But raw statistics, be they describing normal business or workforce data, or even the data produced by such a compelling an activity as baseball, can still fall flat, feel one-dimensional, and fail to completely tell the story buried in the figures if the presentation and interface for interaction with said data is mundane, fully expected, and one-way. Tools that not only present the raw numbers, but allow the user to not only choose the data they want to see, but to also experience the data and really engage with it are the future of information presentation.

    Case in point the Baseball Hall of Fame and Museum's new 'Top 10 Tower' interactive information display at the new 'One For the Books' exhibit. The Top 10 Tower, in true iPad-like fashion, is a touch activated series of screens and displays that allow the baseball fan to learn about some of the classic and lesser-known statistical history of the game.  By selecting variables such as Pitching or Batting, choosing specific focus areas to drill into, and using a cool 'timeline' slider to see how the results and records have moved over time, the Top10 Tower created a fully immersive and engaging interactive presentation of what are really 'just' numbers.

    Make selections on the lower display of the tower, and the large video screens on the upper section automatically update, showing not only figures and images, but also allowing touch access to additional multi-media content about the record holder, of the timeframe the recored was established. The Top 10 tower also presents data in different dimensions, even ones not expressly requested by user, as the designers of the tool know that context matters in the review and analysis of baseball statistics, as it is likely equally important in the business and workforce metrics we produce and review all the time.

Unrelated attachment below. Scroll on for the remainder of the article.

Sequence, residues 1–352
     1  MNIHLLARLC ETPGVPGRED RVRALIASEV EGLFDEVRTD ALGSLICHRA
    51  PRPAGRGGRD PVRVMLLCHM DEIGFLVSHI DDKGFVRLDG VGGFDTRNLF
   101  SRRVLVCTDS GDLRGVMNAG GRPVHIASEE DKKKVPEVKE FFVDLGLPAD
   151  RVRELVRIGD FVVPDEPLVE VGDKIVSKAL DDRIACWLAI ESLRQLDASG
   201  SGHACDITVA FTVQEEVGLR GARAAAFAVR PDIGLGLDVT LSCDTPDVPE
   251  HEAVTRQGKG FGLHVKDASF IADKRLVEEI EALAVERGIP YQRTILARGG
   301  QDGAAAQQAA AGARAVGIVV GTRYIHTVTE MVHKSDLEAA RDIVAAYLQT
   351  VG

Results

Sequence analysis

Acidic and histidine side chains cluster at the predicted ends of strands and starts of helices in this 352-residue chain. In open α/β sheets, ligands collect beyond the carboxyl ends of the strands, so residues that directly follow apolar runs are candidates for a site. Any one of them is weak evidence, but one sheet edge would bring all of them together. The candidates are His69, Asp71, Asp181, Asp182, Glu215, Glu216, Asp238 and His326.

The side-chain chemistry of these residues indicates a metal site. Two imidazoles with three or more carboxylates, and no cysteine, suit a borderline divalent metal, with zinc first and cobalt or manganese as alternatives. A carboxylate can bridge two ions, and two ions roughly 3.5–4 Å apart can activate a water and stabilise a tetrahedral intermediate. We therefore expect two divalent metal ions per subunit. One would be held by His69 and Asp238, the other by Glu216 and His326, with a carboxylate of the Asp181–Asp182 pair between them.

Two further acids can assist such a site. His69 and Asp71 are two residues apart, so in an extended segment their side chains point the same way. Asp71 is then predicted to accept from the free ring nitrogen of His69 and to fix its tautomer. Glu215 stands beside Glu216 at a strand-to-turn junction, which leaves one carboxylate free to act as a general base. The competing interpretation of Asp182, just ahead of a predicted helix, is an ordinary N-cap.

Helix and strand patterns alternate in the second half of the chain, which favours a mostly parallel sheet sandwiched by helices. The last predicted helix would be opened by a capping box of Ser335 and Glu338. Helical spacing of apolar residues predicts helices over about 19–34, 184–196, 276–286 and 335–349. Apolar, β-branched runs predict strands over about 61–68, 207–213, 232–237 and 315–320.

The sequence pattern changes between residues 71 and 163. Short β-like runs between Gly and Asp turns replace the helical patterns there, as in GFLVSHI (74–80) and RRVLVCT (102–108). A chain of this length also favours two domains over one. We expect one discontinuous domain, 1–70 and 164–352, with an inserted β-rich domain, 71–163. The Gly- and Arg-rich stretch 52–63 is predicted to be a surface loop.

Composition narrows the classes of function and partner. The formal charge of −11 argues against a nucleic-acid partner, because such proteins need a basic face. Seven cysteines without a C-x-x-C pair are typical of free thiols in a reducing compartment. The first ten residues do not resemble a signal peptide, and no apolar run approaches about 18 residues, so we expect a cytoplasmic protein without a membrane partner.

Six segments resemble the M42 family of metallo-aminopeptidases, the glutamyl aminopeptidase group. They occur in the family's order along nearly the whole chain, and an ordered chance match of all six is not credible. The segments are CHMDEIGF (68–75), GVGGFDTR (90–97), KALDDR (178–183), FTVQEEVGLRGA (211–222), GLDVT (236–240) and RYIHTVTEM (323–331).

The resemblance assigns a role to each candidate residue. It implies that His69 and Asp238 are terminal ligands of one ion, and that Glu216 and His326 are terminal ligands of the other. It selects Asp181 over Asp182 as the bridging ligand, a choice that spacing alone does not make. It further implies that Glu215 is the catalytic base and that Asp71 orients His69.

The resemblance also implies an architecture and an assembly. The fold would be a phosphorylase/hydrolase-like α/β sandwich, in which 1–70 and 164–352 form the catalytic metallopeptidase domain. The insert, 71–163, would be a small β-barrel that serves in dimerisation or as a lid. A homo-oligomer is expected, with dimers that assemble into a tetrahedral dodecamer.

I know what you are saying, the Top 10 tower is really just a fancy way to present some simple lists, and it really is not a big deal, and certainly has no meaning to the business world that has to be concerned with 'real' data, not just batting averages.

    Sure, keep telling yourself that. Your data is important, and baseball is just a game. 

    Have any idea with the batting average of your hiring managers is? For this season? For all-time?